After three years of this cross-state
trip, we moved to central Montana, 200 miles closer to the big badlands. Instead of an
all-day drive, we didnt have to leave until midmorning, arriving at Soap Creek in
midafternoon. By the time we had the packframes and rifles slung from our shoulders, the
sun was only two hours above the eroded hills to the west. As we hiked down the long draw
next to camp, a huge flock of sandhill cranes flew south along the small river to the
east, following each other in huge curves like the disjointed skeleton of a prairie
rattler, their faint warble sounding like a thousand flutes across the sage.
We walked between two long, low ridges, their
eroded walls layered in the tan and black of sand and coal. After 20 minutes we climbed to
the top of the ridge to our left, our heads hidden behind the rabbitbrush on the crest. As
we glassed our hearts thumped gently in our chests, slightly jiggling the magnified view
of raw and lonely country. Soon Eileen said, "There they are."
"They" were a buck and three does on
the side of a grassy hill, half a mile away. The buck lay bedded near the spikes of some
big yucca plants, while the three does stood and grazed. Without binoculars the white of
their bodies looked like a cluster of pale flowers against the brown hillside, and the
bucks head appeared a solid black.
"Which way?" Eileen whispered. Two
more low ridges lay between us and the herd, but our ridge petered out 200 feet from where
we lay, and wed have to cross 100 yards of open ground to get to the next ridge.
Once there we could crawl over a low saddle to the final ridge, but that open ground was a
I pointed across the open space. "Shall
we try the Bovine Simulation Technique?"
"Yeah, I think were far enough
away. Lets do it." We backed off the ridge, then walked down to the end,
pausing at the edge of the open flat.
"You want to be the head or the
tail?" I asked.
In answer she bent forward at the waist,
placing the top of her head in the small of my back. We walked slowly into the open,
trying to wander like a blue-and-orange Hereford. The three does picked their heads up,
but one by one the heads eased back down. The buck never got to his feet. In 10 minutes we
were behind the next ridge, and in another 15 were through the low saddle and across the
draw to the last ridge. Before the final crawl we took off packframes, eased cartridges
into chambers and pulled on elk-hide gloves to protect our hands from prickly pear cacti.
There was no handy rabbitbrush or sage on this
ridgetop, just cracked sandstone, so we peeked from behind two rocks. The animals were
gone and, no, we werent in the wrong place; the tall yucca was right there. I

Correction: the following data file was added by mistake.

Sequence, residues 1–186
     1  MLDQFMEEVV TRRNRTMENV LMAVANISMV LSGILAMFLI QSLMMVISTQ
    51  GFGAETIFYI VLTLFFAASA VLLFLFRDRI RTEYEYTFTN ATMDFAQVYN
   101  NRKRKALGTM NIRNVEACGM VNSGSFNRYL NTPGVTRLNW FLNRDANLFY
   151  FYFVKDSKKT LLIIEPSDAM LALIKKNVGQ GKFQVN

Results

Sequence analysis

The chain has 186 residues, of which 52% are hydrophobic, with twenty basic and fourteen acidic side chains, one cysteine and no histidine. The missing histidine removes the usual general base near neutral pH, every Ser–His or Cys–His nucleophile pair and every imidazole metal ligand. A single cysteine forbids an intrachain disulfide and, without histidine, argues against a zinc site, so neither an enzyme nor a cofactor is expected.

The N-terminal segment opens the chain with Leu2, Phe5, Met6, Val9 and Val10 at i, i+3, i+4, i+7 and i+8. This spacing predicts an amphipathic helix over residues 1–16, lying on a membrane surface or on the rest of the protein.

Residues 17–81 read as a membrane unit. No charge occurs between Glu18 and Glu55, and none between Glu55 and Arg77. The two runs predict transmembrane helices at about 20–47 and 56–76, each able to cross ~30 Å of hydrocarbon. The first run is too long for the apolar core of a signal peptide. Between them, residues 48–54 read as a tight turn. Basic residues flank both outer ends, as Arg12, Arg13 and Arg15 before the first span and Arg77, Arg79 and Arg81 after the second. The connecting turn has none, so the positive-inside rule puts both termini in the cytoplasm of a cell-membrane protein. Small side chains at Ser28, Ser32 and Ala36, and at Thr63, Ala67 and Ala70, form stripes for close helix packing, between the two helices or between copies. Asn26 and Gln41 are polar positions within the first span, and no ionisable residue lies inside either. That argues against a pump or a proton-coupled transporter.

belly-snaked forward a few feet, easing the .30-06 in front of me along the ground, and
there they were, feeding in the draw 75 yards away.
It was my year to take a buck, but we wanted a
doe too, so I waited until Eileen crawled up beside me. We both aimed from prone, and when
the 4x steadied behind the bucks shoulders I shot. He dropped, and the does ran up
the side of the far hill, stopping to look back at the fallen buck. Eileens .270
thumped, the sound dulled by sage and broken hills, and the does ran again. But soon one
left the herd, stumbled over a big sagebrush, then rolled to the ground and lay still.
By the time they were field-dressed, the doe
strapped to my packframe and the hindquarters of the buck to Eileens, the sun was
much lower over the horizon. We left my down vest over the rest of the buck to keep
coyotes away, then started toward camp, a mile uphill.
The coppery sun almost touched the western
hills by the time we sat on the sandstone mushroom at the head of the draw, for one last
rest before the final saddle. The flat mushroom was just the right height to ease the
weight of loaded packframes, as wed found in Octobers past. As we sat there a
"chuff!" sounded behind us, and we turned stiffly, held down by 100-odd pounds
of pronghorn, to see a big doe 20 yards away, wondering what 11Ú2 antelope were doing on
top of a flat rock. By the time wed untangled our rifles from the packframes,
shed figured it out and trotted over the saddle.
We sat and rested a few minutes more, rifles
still in our hands. Once through the saddle it was only a level quarter mile to camp.
Rather than sling the .30-06 over the packframe again, Id just carry it. As the
breeze through my sweaty hair cooled my head, the tops of the long ridges below turned a
dull bronze in the last sunlight, and the draws filled with the deepwater blue of night
shadows. It was then I realized the anthropologists were only partly right, that the
scratched rifle in my hands was not just an extension of my arms, but an extension of my